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  • Writer's pictureLinda Nygard

The Flamenco

Esperanza loved the dance. The stomp of the feet on waxed wood, spinning red lace and shrill tongue twirls.

It was the sound and the movement that captured her heart.

As a small child she would sit on the floor to feel the rhythmic foot stamp that her madre created. Lace caressed Esperanza's face as her mama spun by.

Once she was old enough, her Madre opened a large armoire and presented Esperanza with a small red flamenco dress. She slipped it over her head. The lace grazed her cheek while she pulled the dress down her neck. It cascaded around her small hips and draped perfectly at her knees.

“Mama it is beautiful!” Esperanza gushed. She leaned into her Madre and planted a moist kiss on her cheek.

“Next my child you will learn how to dance just like your own mama.” The mother had great hope for her sightless child.

Ever since Esperanza was a baby she would lie on the floor taking in every step, stomp, and spin. She wanted to be exactly like her mama.

The circus train chugged along the rails making its way from the last town towards its next stop.

Esperanza shared a train car with the rest of the flamenco dancers. They each had their own sleeping compartments. Esperanza brushed her hair as she relaxed in her sleeping room.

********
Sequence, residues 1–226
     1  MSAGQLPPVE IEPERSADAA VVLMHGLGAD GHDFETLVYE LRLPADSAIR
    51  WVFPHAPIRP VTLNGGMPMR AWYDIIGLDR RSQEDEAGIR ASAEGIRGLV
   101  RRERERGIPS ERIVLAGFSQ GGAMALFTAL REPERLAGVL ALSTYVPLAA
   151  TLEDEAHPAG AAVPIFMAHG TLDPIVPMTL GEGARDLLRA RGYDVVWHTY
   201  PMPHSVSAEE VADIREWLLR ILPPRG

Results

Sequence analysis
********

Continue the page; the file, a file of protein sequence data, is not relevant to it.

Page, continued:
“100 strokes with a horse hair brush.” She thought back to when mama would insist.

The train slowed and came to an abrupt stop. Esperanza lifted the shade and pressed her ear to the window so she could listen to what was going on outside.

The window felt cool and damp on her cheek. She could hear voices yelling chaotically. Something about a cow on the tracks.

A knock sounded on her door. “Adelante” Esperanza replied.

A petite, young woman opened the door to Esperanza’s sleeping compartment. “Miss S” she began, “They say we have hit a cow on the tracks and we will be stopped until the animal is cleared.”

“Thank you Maria” Esperanza replied “I could only hear low voices and wondered if there was some foolishness going on outside.”

“Quite the contrary” Maria replied. “All the men have pitched in to right the situation.”

Esperanza patted the bench next to her. “Maria, please join me in a nightcap. I can also braid your hair before you go off to sleep.”

“I would love that Miss S I have a new pair of castanets that must be fastened together. I will get them now.”

Maria was gone only a few minutes before she returned with the four small round pieces of wood, plus the cord needed to create a pair of beautiful hand held instruments.

“Miss S you create the finest castanet knots. How about I braid your hair first as you tie my castanets together. “

“I would like that Maria.”

As Esperanza held out her hand to receive the pieces, the train suddenly jerked forward to continue their journey.

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